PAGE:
I must confess I have had this CD to review for quite some time and have found it difficult to make up my mind about it. John Quinn reviewed it earlier for this website and so I also refer you to his more detailed review. Certainly the performances are all one would expect of the King’s Singers, and the Concordia Choir provides a nice contrast. I would suggest, however, that you should not listen to the whole CD all the way through, as there is a certain sameness in the music. Everything is basically tonal, with all three composers using close harmony in their works. As one would expect, Bob Chilcott writes idiomatically for the King’s Singers, having been a longtime member of that group (1985-97). I find his compositions here generally the most attractive, from the simple, but beautiful Oculi Omnium – whose composition date is not listed anywhere as far as I could tell – to the more complex and rhythmically interesting Even such is time and High Flight, The latter was composed for the King’s Singers and SATB choir. The Concordia Choir, one of the best known of U.S. college choirs, has a wonderful blend of voices and their diction is also exemplary for a large choral group. They do full justice to Lauridsen’s most popular piece, O Magnum Mysterium, even if it really didn’t need another recording.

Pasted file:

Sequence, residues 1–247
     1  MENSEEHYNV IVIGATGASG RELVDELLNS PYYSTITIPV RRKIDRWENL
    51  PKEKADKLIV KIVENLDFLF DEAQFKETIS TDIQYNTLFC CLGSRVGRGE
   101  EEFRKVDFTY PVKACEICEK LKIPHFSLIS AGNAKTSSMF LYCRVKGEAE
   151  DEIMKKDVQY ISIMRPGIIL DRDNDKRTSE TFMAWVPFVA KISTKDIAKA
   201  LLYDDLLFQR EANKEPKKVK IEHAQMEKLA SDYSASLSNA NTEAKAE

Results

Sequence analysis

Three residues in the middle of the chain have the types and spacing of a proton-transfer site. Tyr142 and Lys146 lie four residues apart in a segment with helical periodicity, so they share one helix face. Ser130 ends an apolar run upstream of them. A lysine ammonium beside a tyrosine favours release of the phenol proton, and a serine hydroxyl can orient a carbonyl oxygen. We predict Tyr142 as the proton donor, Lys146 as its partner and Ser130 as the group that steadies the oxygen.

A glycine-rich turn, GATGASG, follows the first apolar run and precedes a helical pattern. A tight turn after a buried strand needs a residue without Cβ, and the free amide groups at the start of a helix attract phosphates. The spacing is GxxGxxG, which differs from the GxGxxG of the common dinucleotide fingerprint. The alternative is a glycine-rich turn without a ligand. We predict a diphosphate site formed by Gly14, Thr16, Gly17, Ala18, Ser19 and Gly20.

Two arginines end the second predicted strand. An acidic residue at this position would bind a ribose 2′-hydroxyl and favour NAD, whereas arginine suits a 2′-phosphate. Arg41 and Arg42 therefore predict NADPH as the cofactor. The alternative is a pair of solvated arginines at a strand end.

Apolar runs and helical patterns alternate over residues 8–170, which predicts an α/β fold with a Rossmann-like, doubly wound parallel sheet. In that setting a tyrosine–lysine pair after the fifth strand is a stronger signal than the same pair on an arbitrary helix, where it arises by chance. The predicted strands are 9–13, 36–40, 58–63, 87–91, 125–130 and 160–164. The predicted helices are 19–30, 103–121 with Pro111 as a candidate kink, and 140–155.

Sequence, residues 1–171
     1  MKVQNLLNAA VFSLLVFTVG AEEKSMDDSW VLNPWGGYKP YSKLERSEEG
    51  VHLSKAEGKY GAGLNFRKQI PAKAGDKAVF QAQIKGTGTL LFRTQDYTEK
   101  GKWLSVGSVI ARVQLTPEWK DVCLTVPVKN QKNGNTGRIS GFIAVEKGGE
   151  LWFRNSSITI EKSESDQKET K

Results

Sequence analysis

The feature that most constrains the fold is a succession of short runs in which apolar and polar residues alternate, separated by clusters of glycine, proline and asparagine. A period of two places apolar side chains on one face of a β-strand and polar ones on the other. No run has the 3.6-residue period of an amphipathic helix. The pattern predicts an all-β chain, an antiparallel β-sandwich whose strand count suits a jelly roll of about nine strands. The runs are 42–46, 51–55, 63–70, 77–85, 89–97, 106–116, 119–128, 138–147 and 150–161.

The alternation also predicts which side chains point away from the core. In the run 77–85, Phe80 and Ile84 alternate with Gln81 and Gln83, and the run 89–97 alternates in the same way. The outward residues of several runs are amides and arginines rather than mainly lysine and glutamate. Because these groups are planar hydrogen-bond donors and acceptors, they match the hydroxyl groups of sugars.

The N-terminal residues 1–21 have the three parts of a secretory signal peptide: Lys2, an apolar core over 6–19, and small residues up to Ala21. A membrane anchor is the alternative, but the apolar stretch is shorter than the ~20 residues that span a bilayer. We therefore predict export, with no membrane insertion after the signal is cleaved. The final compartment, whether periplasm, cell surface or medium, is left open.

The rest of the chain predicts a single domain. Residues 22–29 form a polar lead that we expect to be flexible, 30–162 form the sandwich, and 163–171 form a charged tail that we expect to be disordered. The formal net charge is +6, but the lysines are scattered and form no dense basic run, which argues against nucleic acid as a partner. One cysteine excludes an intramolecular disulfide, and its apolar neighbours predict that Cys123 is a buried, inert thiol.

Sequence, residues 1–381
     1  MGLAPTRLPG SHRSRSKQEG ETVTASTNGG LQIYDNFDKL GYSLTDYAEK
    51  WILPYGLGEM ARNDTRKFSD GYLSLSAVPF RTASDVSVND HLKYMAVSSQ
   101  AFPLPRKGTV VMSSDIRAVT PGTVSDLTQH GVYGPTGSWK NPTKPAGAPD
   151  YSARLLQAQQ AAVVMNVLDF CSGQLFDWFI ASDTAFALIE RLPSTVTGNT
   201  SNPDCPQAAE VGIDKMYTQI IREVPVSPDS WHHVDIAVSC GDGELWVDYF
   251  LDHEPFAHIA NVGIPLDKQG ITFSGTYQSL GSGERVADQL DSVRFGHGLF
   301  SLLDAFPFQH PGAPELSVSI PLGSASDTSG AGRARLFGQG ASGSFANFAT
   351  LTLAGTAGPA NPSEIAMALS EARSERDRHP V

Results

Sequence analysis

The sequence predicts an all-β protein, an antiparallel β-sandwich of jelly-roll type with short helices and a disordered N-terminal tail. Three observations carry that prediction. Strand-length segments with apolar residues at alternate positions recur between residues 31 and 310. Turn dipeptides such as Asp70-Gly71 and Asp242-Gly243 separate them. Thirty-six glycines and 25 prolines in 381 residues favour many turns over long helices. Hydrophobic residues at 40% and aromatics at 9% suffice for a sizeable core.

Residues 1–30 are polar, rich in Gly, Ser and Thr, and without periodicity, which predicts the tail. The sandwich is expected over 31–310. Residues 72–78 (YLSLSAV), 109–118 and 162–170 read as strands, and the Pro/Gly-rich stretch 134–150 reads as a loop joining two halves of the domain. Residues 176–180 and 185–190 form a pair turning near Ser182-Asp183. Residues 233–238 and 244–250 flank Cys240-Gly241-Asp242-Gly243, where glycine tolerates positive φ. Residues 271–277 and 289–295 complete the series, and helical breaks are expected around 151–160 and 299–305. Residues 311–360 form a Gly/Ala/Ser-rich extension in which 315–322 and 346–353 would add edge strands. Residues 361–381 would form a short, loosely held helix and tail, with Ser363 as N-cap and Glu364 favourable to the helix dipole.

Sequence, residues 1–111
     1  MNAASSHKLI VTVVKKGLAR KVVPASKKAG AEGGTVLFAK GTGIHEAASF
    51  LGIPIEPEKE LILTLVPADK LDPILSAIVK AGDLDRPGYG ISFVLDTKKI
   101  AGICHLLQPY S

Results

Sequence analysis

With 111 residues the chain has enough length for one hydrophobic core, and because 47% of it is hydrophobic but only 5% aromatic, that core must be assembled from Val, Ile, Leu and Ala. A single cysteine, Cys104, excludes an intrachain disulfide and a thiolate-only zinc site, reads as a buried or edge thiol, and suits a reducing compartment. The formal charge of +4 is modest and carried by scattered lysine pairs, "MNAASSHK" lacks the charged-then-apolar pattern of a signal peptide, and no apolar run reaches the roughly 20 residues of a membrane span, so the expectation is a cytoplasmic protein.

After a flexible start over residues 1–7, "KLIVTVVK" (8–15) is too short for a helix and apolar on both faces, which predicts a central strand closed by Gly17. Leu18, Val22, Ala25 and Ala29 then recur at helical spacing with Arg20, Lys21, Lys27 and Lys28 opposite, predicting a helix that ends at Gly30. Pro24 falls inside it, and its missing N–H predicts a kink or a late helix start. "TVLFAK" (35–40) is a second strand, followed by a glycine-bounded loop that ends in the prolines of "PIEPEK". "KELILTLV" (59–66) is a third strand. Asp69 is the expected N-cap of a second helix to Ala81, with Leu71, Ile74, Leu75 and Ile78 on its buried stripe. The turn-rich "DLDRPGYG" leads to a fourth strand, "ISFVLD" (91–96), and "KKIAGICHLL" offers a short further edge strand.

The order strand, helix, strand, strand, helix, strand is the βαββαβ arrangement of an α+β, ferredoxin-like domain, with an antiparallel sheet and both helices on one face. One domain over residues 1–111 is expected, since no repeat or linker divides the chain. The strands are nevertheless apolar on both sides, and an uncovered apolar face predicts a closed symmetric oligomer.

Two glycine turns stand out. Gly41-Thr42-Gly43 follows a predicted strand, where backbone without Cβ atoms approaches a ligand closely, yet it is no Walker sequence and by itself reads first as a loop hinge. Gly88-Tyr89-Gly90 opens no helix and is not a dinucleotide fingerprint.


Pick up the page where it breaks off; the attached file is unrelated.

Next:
Three of the works on this CD are world premiere recordings: Whitacre’s Alone, composed for the King’s Singers as a prelude to The Stolen Child, and Chilcott’s A Thanksgiving as well as High Flight. Eric Whitacre has quickly become one of America’s most popular choral composers and this disc gives a good sampling of his choral output. Lux Aurumque is undoubtedly his best known work and justifiably so in its deceptively simple chording and close harmony. However, The Stolen Child, written for the King’s Singers and the National Youth Choirs of Great Britain, is a more complex work and leaves a deeper impression. The earliest of his works here, Cloudburst, on the other hand, sounds rather hokey with all its sound effects. The disc concludes with Chilcott’s A Thanksgiving and well demonstrates with its wonderful blend of voices the rapport the King’s Singers and Concordia Choir obviously had in making this recording. The music here is rather typical of what’s being composed these days for college and for the more accomplished church choirs. It is harmonically conservative, yet maintains enough interest for singers even if it is best taken in small doses by the listener.